From the Stacks: December 8, 2006

Utne Reader‘s library is abuzz with a steady flow of 1,500
magazines, newsletters, journals, weeklies, zines, and other lively
dispatches from the cultural front that are rarely found at big-box
bookstores, newsstands, or even online. So we share the highlights
(and occasional lowlights) of what’s landing in our library each
week in ‘From the Stacks.’ Check in every Friday for the latest

The literary magazine
Pindeldyboz offers, thankfully, an
explanation of its name: it is a ‘feeling of confusion and/or
anxiety, when ingeniously anesthetized by obese amounts of levity.’
After reading the sixth issue, I must admit that it’s a strangely
fitting title. The stories’ quirks and dark humor keep them from
venturing into the pedestrian territory of many other literary
magazines. Amy Havel’s ‘The News,’ which could easily have been a
trite story about an affair,?veers happily off-course by revealing
that its protagonist eats clothing — his lover’s and her
husband’s. Another gem, Greg Sanders’ ‘Choco,’ chronicles the
relationship between a woman and her live-in bear.
Pindeldyboz is funky enough to read cover-to-cover. —
Danielle Maestretti

Juxtapoz is one of those rare art
publications that is smart, but not snooty; powerful, but not
pedantic; hip, but not obnoxious. True, it is sometimes overwhelmed
by its advertising (at times, it can be hard to tell content from
commercial). That said, the ads are cool-as-hell, and so is the
content. An arts and culture monthly out of San Francisco,
Juxtapoz features young, edgy, under-exposed artists who
have a penchant for the political, gritty, and guerilla. Whether
the genre is ‘psychedelic Southern gothic’ or ‘social surrealism,’
the art in this publication is fresh, exciting, and communicative.
— Elizabeth Oliver

In the post-9/11
scramble to prepare Americans for disaster, the Department of
Homeland Security launched, a website that turned out to be
laden with questionable and confusing advice. (A disclaimer on the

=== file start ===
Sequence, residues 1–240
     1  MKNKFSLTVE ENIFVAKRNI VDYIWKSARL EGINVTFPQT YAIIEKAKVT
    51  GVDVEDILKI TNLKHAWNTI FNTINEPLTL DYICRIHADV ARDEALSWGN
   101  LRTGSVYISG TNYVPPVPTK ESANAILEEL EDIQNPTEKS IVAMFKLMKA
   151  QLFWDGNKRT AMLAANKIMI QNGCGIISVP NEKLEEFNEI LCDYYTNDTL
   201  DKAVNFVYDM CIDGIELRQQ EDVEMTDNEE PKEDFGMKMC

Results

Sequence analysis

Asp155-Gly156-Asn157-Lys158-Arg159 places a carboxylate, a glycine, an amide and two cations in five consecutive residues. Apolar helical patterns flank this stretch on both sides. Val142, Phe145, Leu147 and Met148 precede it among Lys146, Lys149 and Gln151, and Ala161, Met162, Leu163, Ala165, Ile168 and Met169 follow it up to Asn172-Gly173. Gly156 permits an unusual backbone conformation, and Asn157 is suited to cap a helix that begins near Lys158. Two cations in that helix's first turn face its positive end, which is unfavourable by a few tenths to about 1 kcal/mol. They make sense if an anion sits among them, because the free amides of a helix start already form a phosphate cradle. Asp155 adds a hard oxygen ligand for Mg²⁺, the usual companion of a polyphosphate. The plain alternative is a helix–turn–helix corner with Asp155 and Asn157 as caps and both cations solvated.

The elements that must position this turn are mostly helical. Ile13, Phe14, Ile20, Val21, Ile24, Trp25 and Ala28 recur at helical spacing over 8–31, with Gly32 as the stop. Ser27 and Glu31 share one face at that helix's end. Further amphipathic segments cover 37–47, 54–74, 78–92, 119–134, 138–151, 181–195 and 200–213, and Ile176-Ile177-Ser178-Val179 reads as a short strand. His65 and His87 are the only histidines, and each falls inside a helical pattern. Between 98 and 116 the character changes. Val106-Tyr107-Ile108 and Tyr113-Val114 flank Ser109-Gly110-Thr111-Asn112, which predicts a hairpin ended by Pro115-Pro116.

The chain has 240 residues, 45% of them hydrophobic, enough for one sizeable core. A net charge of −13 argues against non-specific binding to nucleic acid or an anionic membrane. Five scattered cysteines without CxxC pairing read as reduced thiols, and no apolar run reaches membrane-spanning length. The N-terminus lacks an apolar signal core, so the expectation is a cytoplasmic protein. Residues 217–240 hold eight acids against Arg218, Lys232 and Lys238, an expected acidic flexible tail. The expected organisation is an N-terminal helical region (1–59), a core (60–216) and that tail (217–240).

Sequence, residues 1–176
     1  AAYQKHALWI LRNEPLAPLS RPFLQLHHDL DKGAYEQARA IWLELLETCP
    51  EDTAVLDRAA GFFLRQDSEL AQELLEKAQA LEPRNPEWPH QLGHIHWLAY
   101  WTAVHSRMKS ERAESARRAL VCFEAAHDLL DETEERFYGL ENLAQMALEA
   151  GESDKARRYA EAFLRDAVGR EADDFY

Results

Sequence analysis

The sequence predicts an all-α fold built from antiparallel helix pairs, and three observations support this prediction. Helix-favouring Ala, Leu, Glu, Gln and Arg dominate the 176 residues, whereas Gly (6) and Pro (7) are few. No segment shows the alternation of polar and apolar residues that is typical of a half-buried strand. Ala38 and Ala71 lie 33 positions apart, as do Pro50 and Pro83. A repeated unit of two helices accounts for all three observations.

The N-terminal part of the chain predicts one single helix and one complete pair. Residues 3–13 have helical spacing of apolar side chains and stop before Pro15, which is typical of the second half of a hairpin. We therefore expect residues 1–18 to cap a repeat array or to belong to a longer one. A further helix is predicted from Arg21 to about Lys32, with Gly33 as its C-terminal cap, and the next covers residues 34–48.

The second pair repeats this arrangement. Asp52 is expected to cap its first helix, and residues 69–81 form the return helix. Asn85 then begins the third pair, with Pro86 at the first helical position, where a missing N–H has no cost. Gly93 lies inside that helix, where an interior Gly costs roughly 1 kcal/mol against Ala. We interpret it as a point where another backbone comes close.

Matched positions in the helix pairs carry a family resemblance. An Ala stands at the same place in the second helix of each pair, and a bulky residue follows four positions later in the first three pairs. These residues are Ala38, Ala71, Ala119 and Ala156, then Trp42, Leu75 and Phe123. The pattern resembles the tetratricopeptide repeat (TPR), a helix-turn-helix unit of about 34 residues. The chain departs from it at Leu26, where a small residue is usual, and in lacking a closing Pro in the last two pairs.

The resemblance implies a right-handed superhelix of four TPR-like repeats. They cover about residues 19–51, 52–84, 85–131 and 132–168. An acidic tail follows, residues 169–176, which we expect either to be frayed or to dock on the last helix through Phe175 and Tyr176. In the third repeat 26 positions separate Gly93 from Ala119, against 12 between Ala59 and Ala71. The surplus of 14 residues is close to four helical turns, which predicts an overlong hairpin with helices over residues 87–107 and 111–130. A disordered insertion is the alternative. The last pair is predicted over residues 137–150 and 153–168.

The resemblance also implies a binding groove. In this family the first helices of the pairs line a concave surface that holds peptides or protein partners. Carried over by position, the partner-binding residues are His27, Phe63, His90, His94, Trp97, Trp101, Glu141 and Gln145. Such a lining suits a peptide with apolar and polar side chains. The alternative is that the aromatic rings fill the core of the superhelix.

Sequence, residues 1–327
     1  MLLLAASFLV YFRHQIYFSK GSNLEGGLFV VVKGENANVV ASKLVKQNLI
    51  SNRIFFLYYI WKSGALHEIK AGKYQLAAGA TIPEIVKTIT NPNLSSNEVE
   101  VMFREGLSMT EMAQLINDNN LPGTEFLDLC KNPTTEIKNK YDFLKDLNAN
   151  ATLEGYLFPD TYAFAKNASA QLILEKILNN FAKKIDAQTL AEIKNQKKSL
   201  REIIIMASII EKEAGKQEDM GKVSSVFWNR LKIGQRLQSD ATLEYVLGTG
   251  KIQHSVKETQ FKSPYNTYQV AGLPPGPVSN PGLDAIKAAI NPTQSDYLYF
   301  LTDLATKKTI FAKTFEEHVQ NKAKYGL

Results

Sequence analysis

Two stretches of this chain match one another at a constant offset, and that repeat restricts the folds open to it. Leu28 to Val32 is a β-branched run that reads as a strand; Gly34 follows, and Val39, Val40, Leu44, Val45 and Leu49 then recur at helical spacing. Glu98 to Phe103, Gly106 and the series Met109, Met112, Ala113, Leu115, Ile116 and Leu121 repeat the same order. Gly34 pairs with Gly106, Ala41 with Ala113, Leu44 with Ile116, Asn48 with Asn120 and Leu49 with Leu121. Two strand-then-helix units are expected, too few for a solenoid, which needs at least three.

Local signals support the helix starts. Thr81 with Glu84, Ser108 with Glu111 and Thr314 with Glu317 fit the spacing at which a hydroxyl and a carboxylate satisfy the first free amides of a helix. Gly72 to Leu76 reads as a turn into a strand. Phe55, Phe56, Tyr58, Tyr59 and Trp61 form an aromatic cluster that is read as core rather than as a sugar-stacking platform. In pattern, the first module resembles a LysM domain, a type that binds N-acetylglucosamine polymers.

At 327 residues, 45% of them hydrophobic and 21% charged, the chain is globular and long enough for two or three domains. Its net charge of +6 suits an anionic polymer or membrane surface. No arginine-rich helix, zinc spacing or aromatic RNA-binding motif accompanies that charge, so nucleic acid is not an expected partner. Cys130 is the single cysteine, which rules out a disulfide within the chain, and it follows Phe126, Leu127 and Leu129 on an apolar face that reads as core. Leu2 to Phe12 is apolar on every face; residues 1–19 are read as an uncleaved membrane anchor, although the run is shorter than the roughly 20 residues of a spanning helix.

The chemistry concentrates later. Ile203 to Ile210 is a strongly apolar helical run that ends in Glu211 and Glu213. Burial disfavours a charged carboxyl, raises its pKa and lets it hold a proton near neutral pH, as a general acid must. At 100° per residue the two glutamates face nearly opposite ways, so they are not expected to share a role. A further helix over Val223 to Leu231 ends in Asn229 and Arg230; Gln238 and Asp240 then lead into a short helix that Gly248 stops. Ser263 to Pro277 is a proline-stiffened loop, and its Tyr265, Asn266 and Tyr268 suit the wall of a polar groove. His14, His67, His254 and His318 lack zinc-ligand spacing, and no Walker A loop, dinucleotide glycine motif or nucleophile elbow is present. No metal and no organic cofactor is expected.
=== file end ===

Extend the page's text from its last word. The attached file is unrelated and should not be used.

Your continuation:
site even warned the information may not be ‘accurate, complete, or
current.’) So a young college student working with the Federation
of American Scientists took it upon herself to make things right,
creating to fill in the government’s
gaps (especially the gaping hole of advice for people with
disabilities). The Bulletin of the Atomic Scientists
profiles the effort — deemed ‘counterproductive’ by the government
— in its November/December issue. The Bulletin, tagged as
a publication of ‘Security, Science & Survival,’has been
nominated for two
Independent Press Awards
in 2006. — Rachel

The 35th issue of
What Is
(Jan.-March 2007) centers heavily on
evolution. Founder and editor in chief Andrew Cohen kicks off the
edition by reminiscing about how the magazine has evolved from a
20-page newsletter to a quarterly magazine since its inception in
1992. What Is Enlightenment? addresses the theories of
evolution from a spiritual standpoint, offering a timeline from
early theorists such as B?hme and Kant, to the modern thinkers
still writing the history of evolutionary spirituality. In ‘The
Real Evolution Debate,’ the publication rejects the mainstream
approach of ‘Darwin vs. God’ and finds not just a third point of
view, but a dozen different schools of thought on how life began..
— Rachel Anderson

A photo of a cluster of small
boats forming an enormous starburst installed to hover over Lincoln
Center in New York City was enough to get me to share the contents
of Public Art Review‘s Fall/Winter issue with
everyone in my general vicinity. Equally fascinating is the photo
of a combat tank covered in pink yarn as a protest of Danish
involvement in the Iraq war. Though the magazine drew me in with
the pictures, the latest issue is dedicated to ‘Suggested Reading,’
articles recommended by poets, novelists, and critics. Pieces like
‘Whose art is it?’ — excerpted from a 1992 New Yorker
article — provide important insight into public art, political
correctness, and artists’ perpetual, and thankfully often
successful, struggle for survival throughout the last few decades.
— Jenna Fisher

A new addition to our library is The Gate, the
quarterly publication of
Admission Possible, a Minnesota-based nonprofit
that aims to make college admission a reality for low-income
students. Now in its seventh year, the program is remarkably
successful; 98 percent of participants get into college. With help
from AmeriCorps members, participants receive testing guidance,
application assistance, college preparatory classes, and
scholarships. The Fall issue of the group’s newsletter features
photos of participants and their feedback on recent volunteer
experiences (students volunteer a minimum of eight hours annually
in return for Admission Possible’s services). Also included are a
brief history of the organization and a list of supporters.
Elizabeth Ryan

a card? it’s a zine?it’s Motto! This postcard zine flies in the
face of convention and defies anyone who thinks a zine needs to be
more than a side of one small page. In doing so, it captures the
renegade spirit of the genre better than many of its relatively
traditional competitors. Motto brings to mind the days of
subversive and playful mail art and will likely lift the corners of
your lips. — Suzanne Lindgren

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